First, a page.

2017 was a momentous year for artist Julie Weir, 46 and her writer husband, Mark 48. It was when they decided to stop life dragging them uncontrollably towards old age without ever pausing to enjoy the journey. Something drastic was needed!
So, they did what any normal couple would do; they sold their house in Hampshire and bought a canal boat to live on.
It satisfied a desire to take control, slow down, and escape a little, but not entirely.
As Julie explains; “It was an active choice to leap into the unknown, having given up careers, and a mortgage, and all the baggage that modernity brings, to live life in the slow lane (4 mph to be exact).”
So why a canal boat?
Julie had been searching for an alternative lifestyle since they first met. She was a hippy at heart and had spent the past 20 or so years trying to persuade Mark that there was a better life out there other than the grind of eat, sleep, work, repeat. Julie said, ”We both wanted to pursue different careers. Mark always wanted to be a full-time writer, and I was working hard to get my art career off the ground, and making a dramatic move was the best way to do it.”
It was a TV programme that eventually sold the idea to Mark: My Floating Home broadcast an episode about a couple who moved onto a widebeam barge, and that gave them the answer they had been looking for.
Fast forward six months and the house was sold, and the boat purchased, and so began their move from a house to a boat, and life afloat.
Mark was looking to forge a career in freelancing while penning novels. His third book, a historical romance called “Annie of the Point” was released in August 2018, and a follow up is in the pipeline. He said, “I knew that I could work from anywhere. All I needed was a good internet connection and a laptop.”
Julie did her research and found that Wiltshire was a county with strong links to the arts, and support for artists. This was in stark contrast to living on the South coast, which brought few opportunities as art was never a priority for the cash-strapped councils.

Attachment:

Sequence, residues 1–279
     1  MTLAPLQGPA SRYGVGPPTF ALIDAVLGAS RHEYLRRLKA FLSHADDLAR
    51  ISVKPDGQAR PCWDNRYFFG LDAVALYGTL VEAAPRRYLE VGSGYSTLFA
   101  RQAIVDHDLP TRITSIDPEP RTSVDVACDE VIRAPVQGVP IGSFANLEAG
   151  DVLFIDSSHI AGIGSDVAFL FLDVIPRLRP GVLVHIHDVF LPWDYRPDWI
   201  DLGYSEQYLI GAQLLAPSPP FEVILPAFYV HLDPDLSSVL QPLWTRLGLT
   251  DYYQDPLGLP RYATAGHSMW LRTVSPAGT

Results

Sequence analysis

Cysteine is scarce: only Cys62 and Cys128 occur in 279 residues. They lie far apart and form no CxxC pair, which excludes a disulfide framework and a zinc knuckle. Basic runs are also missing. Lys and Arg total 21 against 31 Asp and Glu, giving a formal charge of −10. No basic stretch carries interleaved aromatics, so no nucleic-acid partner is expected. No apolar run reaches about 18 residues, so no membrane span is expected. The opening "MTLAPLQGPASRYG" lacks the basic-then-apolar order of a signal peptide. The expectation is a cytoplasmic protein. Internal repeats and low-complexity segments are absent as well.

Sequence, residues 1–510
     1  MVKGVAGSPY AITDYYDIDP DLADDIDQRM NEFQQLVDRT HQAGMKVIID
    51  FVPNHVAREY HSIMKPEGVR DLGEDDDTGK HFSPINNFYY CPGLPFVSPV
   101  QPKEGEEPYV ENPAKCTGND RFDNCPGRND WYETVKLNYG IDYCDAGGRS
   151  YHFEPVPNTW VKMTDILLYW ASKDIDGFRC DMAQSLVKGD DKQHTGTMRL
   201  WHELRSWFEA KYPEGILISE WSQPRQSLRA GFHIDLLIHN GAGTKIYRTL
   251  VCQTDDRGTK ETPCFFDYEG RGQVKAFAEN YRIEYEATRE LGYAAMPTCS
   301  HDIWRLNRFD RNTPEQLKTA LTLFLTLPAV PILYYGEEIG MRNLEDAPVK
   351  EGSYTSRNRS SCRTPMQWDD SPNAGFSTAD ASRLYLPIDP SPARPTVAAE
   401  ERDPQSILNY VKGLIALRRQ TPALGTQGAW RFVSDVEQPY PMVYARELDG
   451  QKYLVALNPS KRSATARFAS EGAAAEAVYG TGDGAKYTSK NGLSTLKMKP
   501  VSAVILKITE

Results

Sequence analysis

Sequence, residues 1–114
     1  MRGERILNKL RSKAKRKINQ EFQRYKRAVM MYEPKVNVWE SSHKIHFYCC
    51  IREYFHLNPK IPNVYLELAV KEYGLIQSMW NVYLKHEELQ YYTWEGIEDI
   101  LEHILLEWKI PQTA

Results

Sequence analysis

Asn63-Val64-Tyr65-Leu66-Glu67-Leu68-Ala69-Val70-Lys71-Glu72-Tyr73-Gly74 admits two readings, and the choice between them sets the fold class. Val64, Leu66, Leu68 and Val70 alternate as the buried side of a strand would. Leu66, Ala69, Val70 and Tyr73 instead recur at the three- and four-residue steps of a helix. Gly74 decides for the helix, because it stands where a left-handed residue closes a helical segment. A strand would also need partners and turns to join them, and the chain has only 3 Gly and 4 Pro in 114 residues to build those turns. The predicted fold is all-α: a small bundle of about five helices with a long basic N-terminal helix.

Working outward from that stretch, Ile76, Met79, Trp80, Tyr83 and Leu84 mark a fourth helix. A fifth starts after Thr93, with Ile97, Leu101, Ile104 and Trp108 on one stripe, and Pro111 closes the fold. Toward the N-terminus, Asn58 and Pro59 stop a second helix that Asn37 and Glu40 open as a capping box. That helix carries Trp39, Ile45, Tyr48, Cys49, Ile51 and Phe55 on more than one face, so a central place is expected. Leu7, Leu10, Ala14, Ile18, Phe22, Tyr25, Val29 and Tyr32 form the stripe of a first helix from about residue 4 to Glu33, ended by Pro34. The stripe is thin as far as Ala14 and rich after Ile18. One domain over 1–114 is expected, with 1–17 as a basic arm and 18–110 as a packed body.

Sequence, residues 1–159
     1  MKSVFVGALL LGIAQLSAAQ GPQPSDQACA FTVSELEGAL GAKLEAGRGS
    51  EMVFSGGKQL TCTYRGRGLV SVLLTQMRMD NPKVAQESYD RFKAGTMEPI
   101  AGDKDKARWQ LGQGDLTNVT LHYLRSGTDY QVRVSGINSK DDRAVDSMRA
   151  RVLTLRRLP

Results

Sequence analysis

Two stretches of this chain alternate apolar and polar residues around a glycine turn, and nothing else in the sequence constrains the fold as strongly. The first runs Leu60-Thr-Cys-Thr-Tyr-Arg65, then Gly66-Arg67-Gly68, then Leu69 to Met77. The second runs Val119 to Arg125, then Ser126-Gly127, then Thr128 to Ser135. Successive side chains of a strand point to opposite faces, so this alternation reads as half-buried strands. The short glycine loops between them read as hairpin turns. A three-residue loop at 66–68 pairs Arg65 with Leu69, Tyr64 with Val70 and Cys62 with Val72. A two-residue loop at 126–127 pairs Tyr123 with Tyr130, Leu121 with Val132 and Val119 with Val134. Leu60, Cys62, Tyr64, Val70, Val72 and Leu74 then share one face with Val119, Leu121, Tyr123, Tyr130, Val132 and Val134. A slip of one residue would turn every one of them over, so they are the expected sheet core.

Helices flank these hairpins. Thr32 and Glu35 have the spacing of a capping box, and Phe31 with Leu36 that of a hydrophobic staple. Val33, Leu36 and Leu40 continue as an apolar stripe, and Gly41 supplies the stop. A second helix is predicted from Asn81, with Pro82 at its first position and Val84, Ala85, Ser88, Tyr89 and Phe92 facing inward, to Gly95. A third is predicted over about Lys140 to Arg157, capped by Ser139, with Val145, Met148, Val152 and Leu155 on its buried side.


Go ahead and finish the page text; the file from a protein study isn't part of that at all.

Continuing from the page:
And their decision to live in Wiltshire was correct. Since moving onto the boat, Julie is now running two successful workshops a month, one in Trowbridge, at The Court Street Gallery, and ironically, another in Chichester, on the South coast.
Julie teaches painting wildlife in Acrylic inks and the views from their canal boat have influenced her work. Julie said, “Being so close to nature has influenced the way I paint, and what I paint. My work features lots of British wildlife and birds that I see along the canal side.” Julie also attends country shows and fairs, selling original artwork, and taking commissions to paint family pets.
She has also joined the committee of the Lawrence Art Society in Devizes where she will be helping to organise the coming art trail and exhibition for the society.
So, has moving onto a canal boat been a success?
“In so many ways, yes, it’s been an enormous success for the both of us,” explained Julie. “My artwork has taken off in directions I could only have dreamed about when I lived in the house. I have so many opportunities here, in Wiltshire,” she said, “and it’s all down to taking that leap of faith and moving onto the boat.”
Julie has a solo exhibition at The Court Street Gallery, Trowbridge, 25th January 2019 – 9th March 2019.
Mark has also fulfilled his dream of becoming a full-time writer, and now works as a freelancer from the boat during the day, while his follow up novel to “Annie of the Point” is due out next year.
Julie and Mark Weir